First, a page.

Treatment of Hodgkin Lymphoma by Stage
Stage I: Cancer is found only in a single lymph node, in the area immediately surrounding that node or in a single organ.
Stage II: Cancer involves more than one lymph node on one side of the diaphragm (the breathing muscle separating the abdomen from the chest).
Stage III: The cancer involves lymph node regions above and below the diaphragm. For example, there may be swollen lymph nodes under the arm and in the abdomen.
Stage IV: Cancer involves one or more organs outside the lymph system or a single organ and a distant lymph node site.
Patients with Hodgkin lymphoma may also experience general symptoms from their lymphoma. Patients with fever, night sweats or significant weight loss are said to have “B” symptoms. Patients who do not experience these specific symptoms are classified as “A”.
Relapsed/Refractory: The cancer has persisted or returned (recurred/relapsed) following treatment.
Radiation Therapy for Hodgkin Lymphoma
Radiation therapy can be an important treatment for some patients with HL, however the current trend is to use less radiation in order to avoid longer term side effects. Radiation therapy is usually not the sole treatment and is typically combined with chemotherapy treatment for early stage disease. It is essential for patients with HL to be treated at medical centers where medical oncologists, radiation oncologists and surgeons work together.
The objective of radiation therapy is to kill cancer cells for a maximum probability of cure with a minimum of side effects. Radiation is usually given in the form of high-energy beams that deposit the radiation dose into the body where cancer cells are located. Radiation therapy, unlike chemotherapy, is considered a local treatment. Cancer cells can only be killed where the actual radiation is delivered to the body. If cancer exists outside the radiation field, the cancer cells are not destroyed by the radiation. It is also important to realize that the treatment of HL with radiation therapy and chemotherapy is still evolving, with a trend towards the use of less radiation therapy and more chemotherapy in order to decrease the long-term side effects of radiation.
Delivery of Radiation Therapy for Hodgkin’s Lymphoma
Modern radiation therapy for HL is given via machines called linear accelerators, which produce high-energy external radiation beams that penetrate the tissues and deliver the radiation dose deep into the areas where the cancer resides. These modern machines and other state-of-the-art techniques have enabled radiation oncologists to significantly reduce side effects, while improving the ability to deliver radiation to areas of HL.
After an initial consultation with a radiation oncologist, the next session is usually a planning session, which is called a “simulation”. During this session, the radiation treatment fields and most of the treatment planning are determined. Of all of the visits to the radiation oncology facility, the simulation session may actually take the most time. During simulation, patients lie on a table somewhat similar to that used for a CT scan. The table can be raised and lowered and rotated around a central axis. The “simulator” machine is a machine whose dimensions and movements closely match that of an actual linear accelerator. Rather than delivering radiation treatment, the simulator lets the radiation oncologist and technologists see the area to be treated. The simulation is usually guided by fluoroscopy, so that a patient’s internal anatomy can be observed (mainly the skeleton, but if contrast material is given, the kidneys, bowels, bladder or esophagus can be visualized as well). The room is periodically darkened while the treatment fields are being set and temporary marks may be made on the patient’s skin with magic markers. The radiation oncologist is aided by one or more radiation technologists and often a dosimetrist, who performs calculations necessary in the treatment planning.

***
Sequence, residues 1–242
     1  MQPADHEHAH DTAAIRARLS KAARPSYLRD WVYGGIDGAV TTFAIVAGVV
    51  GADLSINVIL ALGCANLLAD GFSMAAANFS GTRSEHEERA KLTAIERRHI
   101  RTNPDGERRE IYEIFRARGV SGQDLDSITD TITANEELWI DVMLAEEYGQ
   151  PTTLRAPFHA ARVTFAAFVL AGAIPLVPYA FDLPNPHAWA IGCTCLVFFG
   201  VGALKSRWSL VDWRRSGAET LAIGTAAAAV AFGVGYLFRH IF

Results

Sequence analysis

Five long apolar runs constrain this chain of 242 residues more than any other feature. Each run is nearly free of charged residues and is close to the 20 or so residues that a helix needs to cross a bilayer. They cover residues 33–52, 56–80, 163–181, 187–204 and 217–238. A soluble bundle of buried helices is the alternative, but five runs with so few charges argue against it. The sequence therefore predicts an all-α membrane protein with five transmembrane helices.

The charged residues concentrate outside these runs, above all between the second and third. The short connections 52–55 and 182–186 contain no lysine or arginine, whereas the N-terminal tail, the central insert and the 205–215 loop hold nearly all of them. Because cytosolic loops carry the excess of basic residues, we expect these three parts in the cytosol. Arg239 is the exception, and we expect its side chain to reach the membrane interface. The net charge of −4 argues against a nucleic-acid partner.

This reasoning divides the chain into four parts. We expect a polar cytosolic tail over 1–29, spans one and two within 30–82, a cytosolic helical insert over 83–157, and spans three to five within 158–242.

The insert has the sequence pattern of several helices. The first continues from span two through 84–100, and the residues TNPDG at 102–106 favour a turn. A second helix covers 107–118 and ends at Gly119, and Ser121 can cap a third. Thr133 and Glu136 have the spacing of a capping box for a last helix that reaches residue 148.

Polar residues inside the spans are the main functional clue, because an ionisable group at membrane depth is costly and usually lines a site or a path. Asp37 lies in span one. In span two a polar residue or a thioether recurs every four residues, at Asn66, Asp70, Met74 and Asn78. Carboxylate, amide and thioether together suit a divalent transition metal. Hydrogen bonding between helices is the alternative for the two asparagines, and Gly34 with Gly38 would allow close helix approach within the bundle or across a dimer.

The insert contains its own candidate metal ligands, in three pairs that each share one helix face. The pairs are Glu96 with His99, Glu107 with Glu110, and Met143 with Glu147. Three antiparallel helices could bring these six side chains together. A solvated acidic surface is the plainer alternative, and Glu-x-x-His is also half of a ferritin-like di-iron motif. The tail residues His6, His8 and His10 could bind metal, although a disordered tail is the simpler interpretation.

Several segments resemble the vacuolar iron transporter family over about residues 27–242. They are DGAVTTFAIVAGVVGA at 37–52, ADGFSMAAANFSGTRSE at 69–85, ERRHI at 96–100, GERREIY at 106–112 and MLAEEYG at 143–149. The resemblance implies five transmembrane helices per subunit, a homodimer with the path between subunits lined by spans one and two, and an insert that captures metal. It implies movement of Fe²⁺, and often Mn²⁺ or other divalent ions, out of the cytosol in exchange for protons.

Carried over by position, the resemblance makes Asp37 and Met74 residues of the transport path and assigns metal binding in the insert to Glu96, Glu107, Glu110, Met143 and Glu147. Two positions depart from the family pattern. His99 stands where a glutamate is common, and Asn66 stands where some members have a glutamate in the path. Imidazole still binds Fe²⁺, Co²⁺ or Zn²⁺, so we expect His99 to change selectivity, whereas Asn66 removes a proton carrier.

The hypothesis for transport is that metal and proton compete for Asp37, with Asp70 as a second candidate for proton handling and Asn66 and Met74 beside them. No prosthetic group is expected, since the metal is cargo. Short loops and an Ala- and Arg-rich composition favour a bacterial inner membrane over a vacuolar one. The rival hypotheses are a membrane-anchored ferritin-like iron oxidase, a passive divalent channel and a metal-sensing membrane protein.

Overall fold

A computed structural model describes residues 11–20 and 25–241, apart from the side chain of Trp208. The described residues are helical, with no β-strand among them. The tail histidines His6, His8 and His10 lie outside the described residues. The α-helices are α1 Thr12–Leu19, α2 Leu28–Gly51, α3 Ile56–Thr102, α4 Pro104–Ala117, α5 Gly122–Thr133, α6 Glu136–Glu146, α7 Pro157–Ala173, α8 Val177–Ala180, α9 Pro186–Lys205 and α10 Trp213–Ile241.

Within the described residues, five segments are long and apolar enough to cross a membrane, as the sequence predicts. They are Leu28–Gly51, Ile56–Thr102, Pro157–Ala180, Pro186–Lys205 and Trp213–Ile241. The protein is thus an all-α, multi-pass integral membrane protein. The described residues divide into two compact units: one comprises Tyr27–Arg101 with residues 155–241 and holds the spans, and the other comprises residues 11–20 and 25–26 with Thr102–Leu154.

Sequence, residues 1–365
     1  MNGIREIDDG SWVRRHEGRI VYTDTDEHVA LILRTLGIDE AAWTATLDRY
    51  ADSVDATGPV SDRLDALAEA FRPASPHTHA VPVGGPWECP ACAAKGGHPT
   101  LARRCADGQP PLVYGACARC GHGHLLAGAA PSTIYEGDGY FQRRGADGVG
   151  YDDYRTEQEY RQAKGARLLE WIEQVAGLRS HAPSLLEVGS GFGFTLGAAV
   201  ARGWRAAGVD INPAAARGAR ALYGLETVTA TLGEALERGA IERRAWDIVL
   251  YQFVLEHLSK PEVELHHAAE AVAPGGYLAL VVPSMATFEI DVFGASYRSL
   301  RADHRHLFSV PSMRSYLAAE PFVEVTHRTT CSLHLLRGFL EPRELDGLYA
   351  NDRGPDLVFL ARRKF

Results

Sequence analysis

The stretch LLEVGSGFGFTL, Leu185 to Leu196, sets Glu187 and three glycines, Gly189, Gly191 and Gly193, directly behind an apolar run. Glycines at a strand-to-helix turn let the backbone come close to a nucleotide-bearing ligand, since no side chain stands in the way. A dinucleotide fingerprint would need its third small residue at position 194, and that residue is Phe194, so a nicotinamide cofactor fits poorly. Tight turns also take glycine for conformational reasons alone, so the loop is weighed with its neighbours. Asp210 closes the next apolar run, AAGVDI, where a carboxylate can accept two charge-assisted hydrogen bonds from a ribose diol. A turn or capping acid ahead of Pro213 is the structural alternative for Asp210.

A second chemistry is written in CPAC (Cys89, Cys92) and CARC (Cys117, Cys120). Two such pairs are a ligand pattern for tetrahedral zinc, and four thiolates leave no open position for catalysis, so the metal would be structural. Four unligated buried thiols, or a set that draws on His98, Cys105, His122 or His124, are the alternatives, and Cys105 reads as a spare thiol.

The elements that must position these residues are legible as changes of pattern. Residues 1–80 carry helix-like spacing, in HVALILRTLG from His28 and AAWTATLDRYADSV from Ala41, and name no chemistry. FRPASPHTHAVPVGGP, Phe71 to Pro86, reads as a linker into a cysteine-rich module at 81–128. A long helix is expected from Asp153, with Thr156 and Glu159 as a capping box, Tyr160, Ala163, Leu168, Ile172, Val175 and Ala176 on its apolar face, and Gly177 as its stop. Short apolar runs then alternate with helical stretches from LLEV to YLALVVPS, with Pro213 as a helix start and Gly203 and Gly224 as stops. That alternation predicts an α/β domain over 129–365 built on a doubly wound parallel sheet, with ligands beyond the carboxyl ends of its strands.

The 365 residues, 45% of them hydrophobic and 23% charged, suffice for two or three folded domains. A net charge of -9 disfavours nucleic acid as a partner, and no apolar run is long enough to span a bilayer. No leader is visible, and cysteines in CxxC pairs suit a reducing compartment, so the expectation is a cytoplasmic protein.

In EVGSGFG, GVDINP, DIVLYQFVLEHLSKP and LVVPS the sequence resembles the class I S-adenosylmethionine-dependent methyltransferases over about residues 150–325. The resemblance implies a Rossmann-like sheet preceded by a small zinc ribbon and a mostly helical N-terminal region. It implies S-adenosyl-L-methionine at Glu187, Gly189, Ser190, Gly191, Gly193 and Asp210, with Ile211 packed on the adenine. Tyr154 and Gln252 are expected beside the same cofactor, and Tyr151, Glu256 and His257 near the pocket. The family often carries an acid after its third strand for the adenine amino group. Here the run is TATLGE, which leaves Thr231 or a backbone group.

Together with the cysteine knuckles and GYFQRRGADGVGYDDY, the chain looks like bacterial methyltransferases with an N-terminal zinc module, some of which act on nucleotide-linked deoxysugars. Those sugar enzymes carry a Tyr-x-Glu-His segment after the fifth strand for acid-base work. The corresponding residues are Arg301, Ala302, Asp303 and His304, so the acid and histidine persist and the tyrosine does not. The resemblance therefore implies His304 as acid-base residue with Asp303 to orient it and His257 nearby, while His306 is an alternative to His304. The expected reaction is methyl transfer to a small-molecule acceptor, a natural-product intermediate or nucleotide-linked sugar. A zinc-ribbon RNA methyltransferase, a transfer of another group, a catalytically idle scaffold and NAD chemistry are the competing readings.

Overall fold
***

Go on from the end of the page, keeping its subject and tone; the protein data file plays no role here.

The simulation may last anywhere from 15 minutes to an hour or more, depending on the complexity of what is being planned. Once the aspects of the treatment fields are satisfactorily set, x-rays representing the treatment fields are taken. In most centers, the patient is given multiple “tattoos” which mark the treatment fields and replace the marks previously made with magic markers. These tattoos are not elaborate and consist of no more than pinpricks followed by ink, appearing like a small freckle. Tattoos enable the radiation technologists to set up the treatment fields each day with precision, while allowing the patient to wash and bathe without worrying about obscuring the treatment fields.
Radiation treatment is usually given in another room separate from the simulation room. The treatment plans and treatment fields resulting from the simulation session are transferred over to the treatment room, which contains a linear accelerator focused on a patient table similar to the one in the simulation room. The treatment plan is verified and treatment started only after the radiation oncologist and technologists have rechecked the treatment field and calculations, and are thoroughly satisfied with the “setup.”
Radiation “Fields” Used to Treat Hodgkin’s Lymphoma
Involved Field Radiation: Patients with Hodgkin’s disease treated with radiation always receive treatment to the area where the lymphoma is located including adjacent lymph nodes. Sometimes a “boost” or extra dose of radiation is given to the area where the primary lymphoma was located.
Mantle Field Radiation: Mantle field radiation is administered to patients with Hodgkin’s lymphoma in the mediastinum (behind the breast bone), lymph nodes in the neck or under the armpits and is designed to encompass the area of the cancer and the common lymph node drainage. The areas irradiated include the mediastinum, some lung tissue and the lymph draining areas of the neck and armpits. Radiation oncologists attempt to avoid, as much as possible, radiation to the lungs and breast which are the most sensitive to damage.
Inverted Y: This describes radiation to the lymph nodes in front of the lower spine (para-aortic) and the groin. Each groin makes up an arm of the inverted Y.